Over the past two years I have experienced something with dance that I have never experienced with gymnastics. There’s this passion burning inside of me that I never had with gymnastics. About four months ago (Sept. 2013) I started to feel this pull towards dancing professionally. I denied it…I’m not a dancer, I just dance. But it was there and it was not going away. I was too scared to tell anyone in fear that they would laugh at me or think that I was crazy and dumb for feeling this. I couldn’t even say “I want to dance professionally” out loud because I had so much self-doubt and fear. Finally, in Dec. 2013 I had the courage to tell some of my friends and surprisingly they were quite supportive. Several people started dropping this idea in my head that this was more than a change in career or a decision I had to make. Some of them started telling me that I had no other choice, but to take the risk and go for it. I started to think that they were right.

It wasn’t until I started working with one particular dance teacher that the weight of this so-called “calling” to dance started to sink in. She told me “It is something you know you must do in some capacity to feel whole.” That is when I started to fully admit to myself that I had no other choice but to pursue dance, no matter how impossible it seems.

There is a difference between pursuing a fantasy and pursuing a dream. When I was a gymnast in hopes of being in the Olympics I was pursuing a fantasy. It was something that I enjoyed doing, but it wasn’t my calling. I didn’t feel that same instinctual pull that I feel with dance. Now with dance I believe that I am pursuing a dream. No, I do not know what the outcome is going to be. I don’t know if all my hard work will pay off and in a year I will be dancing professionally in a dance company. But I do know that if I do not follow this calling then I will look back and feel like I missed out on a major part of my life. If I do not give it my all then I will always be wondering “what if?”. And in the end if dance is a calling, what choice do I have? It is my responsibility to follow it.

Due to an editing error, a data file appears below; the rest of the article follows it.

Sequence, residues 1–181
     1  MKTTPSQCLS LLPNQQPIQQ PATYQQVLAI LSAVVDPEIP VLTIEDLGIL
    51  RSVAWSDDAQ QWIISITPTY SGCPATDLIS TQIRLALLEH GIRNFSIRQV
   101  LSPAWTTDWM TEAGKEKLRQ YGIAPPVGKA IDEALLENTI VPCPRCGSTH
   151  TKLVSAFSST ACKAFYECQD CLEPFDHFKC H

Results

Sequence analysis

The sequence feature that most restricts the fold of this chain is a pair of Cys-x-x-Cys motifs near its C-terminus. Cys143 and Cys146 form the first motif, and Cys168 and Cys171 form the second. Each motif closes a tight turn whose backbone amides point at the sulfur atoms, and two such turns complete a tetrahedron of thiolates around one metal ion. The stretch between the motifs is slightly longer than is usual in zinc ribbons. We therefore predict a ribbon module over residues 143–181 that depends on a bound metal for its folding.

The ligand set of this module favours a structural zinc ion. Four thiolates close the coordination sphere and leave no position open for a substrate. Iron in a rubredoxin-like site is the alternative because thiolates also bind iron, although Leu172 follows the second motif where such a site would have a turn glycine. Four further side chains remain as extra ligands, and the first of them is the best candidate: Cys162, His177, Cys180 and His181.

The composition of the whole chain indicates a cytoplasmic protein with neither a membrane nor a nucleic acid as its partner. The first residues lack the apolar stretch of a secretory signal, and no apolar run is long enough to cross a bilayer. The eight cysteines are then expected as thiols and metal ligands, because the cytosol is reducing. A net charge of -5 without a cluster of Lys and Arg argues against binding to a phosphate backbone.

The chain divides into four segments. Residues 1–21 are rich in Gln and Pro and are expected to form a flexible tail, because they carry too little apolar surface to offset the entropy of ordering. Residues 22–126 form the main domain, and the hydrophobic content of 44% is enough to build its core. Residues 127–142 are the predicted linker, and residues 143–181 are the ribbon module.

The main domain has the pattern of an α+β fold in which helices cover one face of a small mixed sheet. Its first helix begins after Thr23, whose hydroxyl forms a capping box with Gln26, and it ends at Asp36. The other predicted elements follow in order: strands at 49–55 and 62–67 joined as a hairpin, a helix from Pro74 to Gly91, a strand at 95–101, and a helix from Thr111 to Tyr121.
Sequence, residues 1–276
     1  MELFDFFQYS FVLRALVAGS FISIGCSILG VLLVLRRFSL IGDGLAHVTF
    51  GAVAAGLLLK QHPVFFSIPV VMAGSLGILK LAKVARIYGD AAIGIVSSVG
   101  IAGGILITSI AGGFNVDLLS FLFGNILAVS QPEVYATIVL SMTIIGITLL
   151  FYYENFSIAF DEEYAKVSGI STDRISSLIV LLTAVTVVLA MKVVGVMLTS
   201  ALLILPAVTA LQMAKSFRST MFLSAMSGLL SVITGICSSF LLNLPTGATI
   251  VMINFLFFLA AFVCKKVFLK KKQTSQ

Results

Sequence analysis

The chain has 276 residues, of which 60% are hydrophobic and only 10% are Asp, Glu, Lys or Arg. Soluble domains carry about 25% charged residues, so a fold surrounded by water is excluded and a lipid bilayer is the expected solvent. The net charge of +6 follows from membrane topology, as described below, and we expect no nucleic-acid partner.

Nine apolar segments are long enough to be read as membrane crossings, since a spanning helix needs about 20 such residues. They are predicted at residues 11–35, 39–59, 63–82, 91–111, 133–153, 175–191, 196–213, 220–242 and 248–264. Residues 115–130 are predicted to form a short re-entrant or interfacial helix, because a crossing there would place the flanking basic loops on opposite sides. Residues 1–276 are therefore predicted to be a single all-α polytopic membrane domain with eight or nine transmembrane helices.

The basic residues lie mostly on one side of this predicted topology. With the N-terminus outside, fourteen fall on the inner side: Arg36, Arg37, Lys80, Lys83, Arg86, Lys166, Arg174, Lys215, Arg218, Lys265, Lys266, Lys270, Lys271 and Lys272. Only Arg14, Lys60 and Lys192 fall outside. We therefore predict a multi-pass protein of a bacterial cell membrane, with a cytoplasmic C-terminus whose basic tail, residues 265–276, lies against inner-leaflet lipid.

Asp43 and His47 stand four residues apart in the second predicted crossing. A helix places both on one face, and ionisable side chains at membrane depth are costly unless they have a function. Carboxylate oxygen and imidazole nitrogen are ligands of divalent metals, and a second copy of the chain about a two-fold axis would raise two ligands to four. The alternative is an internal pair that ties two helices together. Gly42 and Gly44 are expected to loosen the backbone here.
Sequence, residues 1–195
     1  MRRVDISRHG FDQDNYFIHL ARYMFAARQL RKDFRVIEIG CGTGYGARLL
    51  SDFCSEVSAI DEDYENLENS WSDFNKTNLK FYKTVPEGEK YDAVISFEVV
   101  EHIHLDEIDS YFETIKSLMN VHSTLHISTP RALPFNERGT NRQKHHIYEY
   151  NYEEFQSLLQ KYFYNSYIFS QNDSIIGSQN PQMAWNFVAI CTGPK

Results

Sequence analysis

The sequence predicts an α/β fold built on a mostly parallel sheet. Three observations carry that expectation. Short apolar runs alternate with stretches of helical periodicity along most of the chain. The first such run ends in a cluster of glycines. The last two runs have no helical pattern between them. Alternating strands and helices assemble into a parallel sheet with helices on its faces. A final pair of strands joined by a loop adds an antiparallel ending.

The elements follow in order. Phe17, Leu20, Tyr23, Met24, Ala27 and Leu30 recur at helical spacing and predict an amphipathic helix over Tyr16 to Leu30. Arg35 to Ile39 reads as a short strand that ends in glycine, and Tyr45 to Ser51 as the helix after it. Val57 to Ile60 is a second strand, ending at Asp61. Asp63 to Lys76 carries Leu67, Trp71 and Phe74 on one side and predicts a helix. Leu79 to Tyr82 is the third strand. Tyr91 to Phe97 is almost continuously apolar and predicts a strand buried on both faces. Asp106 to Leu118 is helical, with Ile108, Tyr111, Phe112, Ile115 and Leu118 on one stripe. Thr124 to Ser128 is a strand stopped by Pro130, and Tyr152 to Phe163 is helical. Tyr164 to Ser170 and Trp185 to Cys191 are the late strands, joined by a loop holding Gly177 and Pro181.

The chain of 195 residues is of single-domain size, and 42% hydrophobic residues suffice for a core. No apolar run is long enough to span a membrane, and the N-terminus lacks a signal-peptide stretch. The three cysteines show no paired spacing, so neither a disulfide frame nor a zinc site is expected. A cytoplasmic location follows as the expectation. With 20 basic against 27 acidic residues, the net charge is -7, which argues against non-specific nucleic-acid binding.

Why I Started This Blog

It has taken me a lot of time and courage to admit to myself, and to the world, that I want to dance professionally, but here I am starting a blog to document the journey.

I am starting this journey really late in the game. I am 23 years old and have only been serious about dance for about two years now. It was only about four months ago that I started contemplating dancing professionally. I am going up against people who have been dancing their entire lives, against people who have been in the industry since they were 16.

It would be silly of me to say that these facts don’t hinder my chances of dancing professionally. There are a lot of obstacles in front of me and I have a TON of work cut out for me. But there IS a chance. It might be small, but it’s there. And it is that little glimmer of hope that has given me the courage.

There are several reasons why I started this blog:

  1. The journey to dance professionally is something that I cannot pursue alone. I want to find others who have had a similar experience to mine. I need support 🙂
  2. I need to be held accountable. This journey ahead of me is going to be one of the toughest things I’ve ever done and I need a way to keep myself on track.
  3. I have astronomical self-doubt, but perhaps if I continue to remind myself why I decided to pursue dancing it will keep me motivated to never give up and try my hardest.
  4. I can look back on my journey and see how far I’ve come. I can look back and remind myself why I started this journey in the first place.
  5. I want my journey to inspire others.

I hope that you will join me as I pursue my dream. And by doing so I hope that in my journey you will find the courage to pursue your own dreams.